Uganda’s social safety net is torn the politician likes it

Last week’s major moving story, was the one about the popular NTV news anchor, Ms Rosemary Nankabirwa, who finally lost the battle to cancer. Her former workmates at NTV put up a fundraising drive and within a week, they were able to collect more than Shs100 million to save Nankabirwa.
There are so many positive things about this sad story. First, you have to give a lot of credit to the kindness, selflessness, endurance and generosity of human beings. Here we mention the people at NTV, several Ugandans and other people from all over the world who dug into their pockets and said prayers for this cause.
The most important and enduring aspect is that Rosemary being a known popular figure with a considerable following, has given us an opportunity to think about the state of the social safety net, particularly the delivery of health services.
Under normal circumstances, a government should collect taxes then use the money to provide social services to all irrespective of tribe, creed, colour or political affiliation.
There must be proper systems and policies that enable one to walk into a hospital, school, court of law, police station, etc., and be served unreservedly. That is what happens when a State is functioning properly.
In Uganda today, the State is absent in most of the social set up. There is always a claim of a ‘meager resource envelope.’
The reality is that there is a lot of corruption and profligacy that eats up most of the taxpayers’ money. The end result is that the State has gradually relinquished its role as the provider of the social safety net.
This has increased pressure on the individual and their resources. For instance, you cannot afford the ‘luxury’ of going for a medical checkup to detect cancer early when there is school fees to pay or your father is battling hypertension. You do first things first. What we now have by way of a social safety net are donations from individuals and non-governmental organisations (NGOs).
Trouble is that individuals and NGOs have their own motives and intentions. As such, their service is selective. For instance, if an NGO is faith-based, it may favour those of one religion over others. As for the individual, it is mainly for patronage.
Where there is no political mileage, there will be no service. So the wife of the bare foot grass cutter in Mutukula is likely to die without help as opposed to a popular musician with a huge following. The politician will calculate that their help to the musician will endear the musician’s many fans to the politician.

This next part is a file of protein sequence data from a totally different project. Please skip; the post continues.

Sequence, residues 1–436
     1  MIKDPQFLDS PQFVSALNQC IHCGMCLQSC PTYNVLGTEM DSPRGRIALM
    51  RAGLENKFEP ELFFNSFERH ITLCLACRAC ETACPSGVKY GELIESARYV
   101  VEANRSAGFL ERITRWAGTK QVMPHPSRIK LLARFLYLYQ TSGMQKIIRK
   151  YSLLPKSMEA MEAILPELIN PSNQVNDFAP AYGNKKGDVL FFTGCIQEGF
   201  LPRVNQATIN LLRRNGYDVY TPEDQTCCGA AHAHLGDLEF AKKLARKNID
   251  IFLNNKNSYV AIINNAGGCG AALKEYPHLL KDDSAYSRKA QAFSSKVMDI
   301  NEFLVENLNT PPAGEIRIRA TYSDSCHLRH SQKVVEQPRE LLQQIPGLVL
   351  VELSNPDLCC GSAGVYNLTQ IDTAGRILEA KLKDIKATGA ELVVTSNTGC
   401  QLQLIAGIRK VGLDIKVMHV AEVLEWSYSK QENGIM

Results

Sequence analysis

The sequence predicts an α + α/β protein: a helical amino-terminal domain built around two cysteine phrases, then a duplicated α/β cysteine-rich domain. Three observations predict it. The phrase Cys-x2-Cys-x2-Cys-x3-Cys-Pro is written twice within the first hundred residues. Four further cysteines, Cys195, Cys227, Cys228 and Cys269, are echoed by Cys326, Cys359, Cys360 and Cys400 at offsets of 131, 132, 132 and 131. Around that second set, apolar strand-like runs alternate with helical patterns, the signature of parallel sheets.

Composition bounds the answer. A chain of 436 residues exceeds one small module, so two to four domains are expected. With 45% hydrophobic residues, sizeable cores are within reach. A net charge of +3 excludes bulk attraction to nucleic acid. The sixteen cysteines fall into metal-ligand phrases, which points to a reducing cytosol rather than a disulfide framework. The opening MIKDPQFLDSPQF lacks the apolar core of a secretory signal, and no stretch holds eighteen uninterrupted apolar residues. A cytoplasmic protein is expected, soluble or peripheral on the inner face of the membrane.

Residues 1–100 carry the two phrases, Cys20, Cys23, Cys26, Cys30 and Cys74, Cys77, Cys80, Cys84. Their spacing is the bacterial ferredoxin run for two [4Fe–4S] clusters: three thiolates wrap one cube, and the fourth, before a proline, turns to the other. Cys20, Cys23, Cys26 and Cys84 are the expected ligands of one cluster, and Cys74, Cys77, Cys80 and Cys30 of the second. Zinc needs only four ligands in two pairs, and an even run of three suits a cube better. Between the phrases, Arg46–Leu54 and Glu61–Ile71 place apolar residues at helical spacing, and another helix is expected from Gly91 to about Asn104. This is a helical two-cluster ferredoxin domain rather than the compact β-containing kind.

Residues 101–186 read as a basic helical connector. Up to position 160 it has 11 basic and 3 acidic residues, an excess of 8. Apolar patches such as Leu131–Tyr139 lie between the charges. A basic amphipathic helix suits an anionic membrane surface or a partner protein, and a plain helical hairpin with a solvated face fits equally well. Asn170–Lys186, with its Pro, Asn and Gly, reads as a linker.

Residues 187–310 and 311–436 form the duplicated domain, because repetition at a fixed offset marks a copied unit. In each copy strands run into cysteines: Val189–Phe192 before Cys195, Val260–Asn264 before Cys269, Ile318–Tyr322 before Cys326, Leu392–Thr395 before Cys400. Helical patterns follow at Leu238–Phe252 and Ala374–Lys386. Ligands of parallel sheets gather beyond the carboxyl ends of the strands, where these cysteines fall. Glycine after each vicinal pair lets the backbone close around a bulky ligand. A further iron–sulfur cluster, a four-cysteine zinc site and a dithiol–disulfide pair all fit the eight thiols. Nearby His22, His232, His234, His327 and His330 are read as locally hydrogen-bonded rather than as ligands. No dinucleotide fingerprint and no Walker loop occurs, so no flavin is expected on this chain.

It is important to know how we got here. Besides the issue of greed manifested in the stealing of public funds, the break down in delivery of social, especially health services, is a result of the creation of a cynical power relation.
Autocratic governments motivate citizens through fear. They are better feared than loved. Health services are made to be expensive and out of reach for the ordinary citizen. You have to go to Nairobi or India to get treatment at a cost well beyond your means.
Citizens become scared for their lives. We have to ‘be good’ and ‘show respect’ to our leaders knowing very well that in our hour of need, they are the ones with the ‘economic potential’ to come to our rescue. At such times, there is no space for being philosophical. You have to take what the politician who has presided over the very situation that denies you the service you are entitled to as a taxpayer. You thank him and ask the people to give him ‘another term.’
The alternative is dying in a dysfunctional hospital without drugs and motivated personnel. That is the dilemma we face. The very hand that has robbed you is the one that saves you. It is a system that works for the politician and they will not want to change it even with the enduring voices that urge the citizens to demand their rights. It is very sad and scary.
Mr Sengoba is a commentator on political and social issues.
Twitter: @nsengoba

SOURCE: Daily Monitor


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